Developers can use APIs in the Play Core Library to manually request the download and installation of dynamic feature modules.
But now, using the version 2.3.0 of the Navigation Component, dynamic feature modules are even easier. You can use the usual call to navigate(). When the destination is in a dynamic feature module, the library will take care of the details of downloading and installing the required pieces.
The library is currently in alpha, so maybe it’s not quite ready for your production code. But if you want this functionality, please play with it and send us feedback. Check out the docs for more information, and try out the sample which Ben Weiss posted just last week.
Florina Muntenescu continues her Kotlin Vocabulary series with this article on inline classes, an experimental feature in Kotlin 1.3.50.
Inline classes can provide an enhanced level of type safety for variables which might otherwise conflict and cause runtime errors. Better yet, they can do so without introducing any overhead* by compiling into code that simply uses the underlying type instead of actually creating the class that wraps the type.
* Depending on how you use the class. See the article for the details and gotchas.
Android Styling: Themes vs Styles
The Android styling system offers a powerful way to specify your app’s visual design, but it can be easy to misuse…
It is easy, and common, to confuse the concepts and usage behind themes and styles. After all, they both use the <style> tag, so they look very similar from the outside.
Nick Butcher started a new series of articles to help explain this area of Android development more deeply.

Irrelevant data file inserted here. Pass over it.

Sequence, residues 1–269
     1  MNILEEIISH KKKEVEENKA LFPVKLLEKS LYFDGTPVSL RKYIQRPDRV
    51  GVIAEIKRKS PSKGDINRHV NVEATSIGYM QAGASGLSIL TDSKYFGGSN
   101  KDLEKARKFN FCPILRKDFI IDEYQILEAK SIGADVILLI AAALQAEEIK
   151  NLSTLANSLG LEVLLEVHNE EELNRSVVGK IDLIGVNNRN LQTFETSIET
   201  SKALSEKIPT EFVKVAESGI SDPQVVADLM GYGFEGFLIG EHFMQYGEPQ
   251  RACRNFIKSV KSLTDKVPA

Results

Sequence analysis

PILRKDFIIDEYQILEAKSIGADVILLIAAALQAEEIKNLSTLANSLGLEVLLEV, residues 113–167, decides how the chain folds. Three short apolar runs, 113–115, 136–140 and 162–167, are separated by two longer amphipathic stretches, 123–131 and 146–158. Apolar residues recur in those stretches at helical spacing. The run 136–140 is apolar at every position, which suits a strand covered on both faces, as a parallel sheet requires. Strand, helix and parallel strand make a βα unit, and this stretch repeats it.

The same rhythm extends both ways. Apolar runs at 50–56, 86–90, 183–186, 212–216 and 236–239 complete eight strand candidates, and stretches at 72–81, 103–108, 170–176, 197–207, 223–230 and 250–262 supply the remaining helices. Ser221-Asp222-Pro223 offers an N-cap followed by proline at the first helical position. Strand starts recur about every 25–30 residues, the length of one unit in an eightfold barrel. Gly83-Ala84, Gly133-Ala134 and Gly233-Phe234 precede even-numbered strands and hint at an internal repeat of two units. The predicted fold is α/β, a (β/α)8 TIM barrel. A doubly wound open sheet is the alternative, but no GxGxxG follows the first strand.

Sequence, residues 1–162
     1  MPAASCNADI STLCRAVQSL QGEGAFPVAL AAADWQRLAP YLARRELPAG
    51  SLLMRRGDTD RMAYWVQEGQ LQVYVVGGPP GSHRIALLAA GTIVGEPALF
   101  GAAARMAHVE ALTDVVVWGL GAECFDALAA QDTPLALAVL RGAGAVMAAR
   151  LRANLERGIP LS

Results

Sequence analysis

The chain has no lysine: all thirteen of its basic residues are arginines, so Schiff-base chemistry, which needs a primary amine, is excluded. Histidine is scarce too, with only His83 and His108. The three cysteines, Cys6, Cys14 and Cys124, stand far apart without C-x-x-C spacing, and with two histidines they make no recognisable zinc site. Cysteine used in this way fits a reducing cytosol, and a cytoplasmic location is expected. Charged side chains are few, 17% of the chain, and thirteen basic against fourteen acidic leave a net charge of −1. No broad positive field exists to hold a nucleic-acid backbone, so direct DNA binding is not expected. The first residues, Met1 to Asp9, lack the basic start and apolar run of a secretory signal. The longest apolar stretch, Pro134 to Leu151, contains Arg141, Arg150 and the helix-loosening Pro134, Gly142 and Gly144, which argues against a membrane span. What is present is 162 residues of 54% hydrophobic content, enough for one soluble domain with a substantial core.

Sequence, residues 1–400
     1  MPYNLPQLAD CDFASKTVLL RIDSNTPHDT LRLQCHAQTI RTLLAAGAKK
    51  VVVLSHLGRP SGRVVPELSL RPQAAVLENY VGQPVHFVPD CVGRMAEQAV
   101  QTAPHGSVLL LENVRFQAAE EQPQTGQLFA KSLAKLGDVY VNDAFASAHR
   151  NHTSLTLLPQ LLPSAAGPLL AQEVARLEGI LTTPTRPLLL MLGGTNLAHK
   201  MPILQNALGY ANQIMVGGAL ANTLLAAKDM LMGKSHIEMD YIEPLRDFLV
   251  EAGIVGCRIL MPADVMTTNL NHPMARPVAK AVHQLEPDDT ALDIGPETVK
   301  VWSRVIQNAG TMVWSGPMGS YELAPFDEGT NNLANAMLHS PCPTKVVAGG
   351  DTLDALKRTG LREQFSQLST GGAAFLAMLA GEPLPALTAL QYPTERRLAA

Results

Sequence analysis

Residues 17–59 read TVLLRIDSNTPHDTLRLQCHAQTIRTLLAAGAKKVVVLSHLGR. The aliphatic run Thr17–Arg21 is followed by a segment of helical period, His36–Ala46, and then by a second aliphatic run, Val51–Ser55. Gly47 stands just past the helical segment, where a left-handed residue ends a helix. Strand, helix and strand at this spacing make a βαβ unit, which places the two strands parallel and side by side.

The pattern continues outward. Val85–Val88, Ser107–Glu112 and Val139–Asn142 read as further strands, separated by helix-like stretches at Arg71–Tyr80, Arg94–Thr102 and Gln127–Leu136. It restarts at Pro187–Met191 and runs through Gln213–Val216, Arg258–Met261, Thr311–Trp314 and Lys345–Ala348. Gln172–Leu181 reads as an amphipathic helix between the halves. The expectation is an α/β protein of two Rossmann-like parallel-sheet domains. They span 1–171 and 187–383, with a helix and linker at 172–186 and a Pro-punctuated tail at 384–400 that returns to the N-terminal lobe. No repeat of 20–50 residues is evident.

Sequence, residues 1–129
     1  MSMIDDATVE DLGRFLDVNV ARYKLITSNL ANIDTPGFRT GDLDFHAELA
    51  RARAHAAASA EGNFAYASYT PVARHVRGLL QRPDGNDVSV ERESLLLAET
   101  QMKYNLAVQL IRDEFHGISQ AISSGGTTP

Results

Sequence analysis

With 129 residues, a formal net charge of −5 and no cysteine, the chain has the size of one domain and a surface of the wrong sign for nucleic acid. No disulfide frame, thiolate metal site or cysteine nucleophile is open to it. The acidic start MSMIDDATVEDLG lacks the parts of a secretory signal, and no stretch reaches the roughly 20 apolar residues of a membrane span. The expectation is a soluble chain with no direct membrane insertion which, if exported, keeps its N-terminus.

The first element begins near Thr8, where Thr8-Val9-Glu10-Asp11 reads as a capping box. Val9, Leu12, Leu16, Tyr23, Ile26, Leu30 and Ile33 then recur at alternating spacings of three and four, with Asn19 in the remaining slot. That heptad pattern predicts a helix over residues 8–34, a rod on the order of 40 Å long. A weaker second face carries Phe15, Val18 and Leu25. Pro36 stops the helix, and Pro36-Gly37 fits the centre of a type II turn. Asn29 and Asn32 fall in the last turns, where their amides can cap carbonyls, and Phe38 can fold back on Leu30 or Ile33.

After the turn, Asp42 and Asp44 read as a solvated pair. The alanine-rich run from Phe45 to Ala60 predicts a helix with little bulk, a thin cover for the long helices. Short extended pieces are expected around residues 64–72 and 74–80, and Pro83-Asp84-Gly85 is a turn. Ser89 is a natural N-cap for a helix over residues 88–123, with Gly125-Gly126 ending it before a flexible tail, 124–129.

In this first article of the series, Nick looks at the difference between themes and styles, and areas where developers might choose one over the other.
ADB Podcast Episodes
There was an episode of Android Developers Backstage posted since the last Now in Android. Check it out at the link below, or in your favorite podcast client:
ADB 132: Storing data with Store
Episode 132: Storing data with Store
In this episode, Chet and Romain talk with Yigit Boyar, from the Jetpack team, and Mike Nakhimovich from Dropbox. Mike…
One of the patterns for data storage and retrieval that we recommend in our Guide to app architecture is to use a Repository, which provides an abstraction layer on top of where that data comes from. For example, you might have data stored in a cache locally as well as in a server on the other side of the network. This approach allows your code to fetch the data without worrying about where the data lives or how to get it, leaving those details up to the Repository.
It’s great to have a suggested technique, but wouldn’t it be even better to have an API that made that part easier?
The Store library (currently in alpha) does just that. On this episode, we talked with Mike Nakhimovich from Dropbox and Yigit Boyar from the Android Toolkit team. Mike leads the development of the Store open-source library (which Yigit also hacks on in his spare time).
That’s it for this time. Go check out the Now in Android video series and podcast! Try the latest AndroidX releases! Check out the new Navigation library for navigating with dynamic feature modules! Read the articles on inline classes in Kotlin and themes vs styles! Listen to the latest ADB podcast episode! And come back here soon for the next update from the Android developer universe.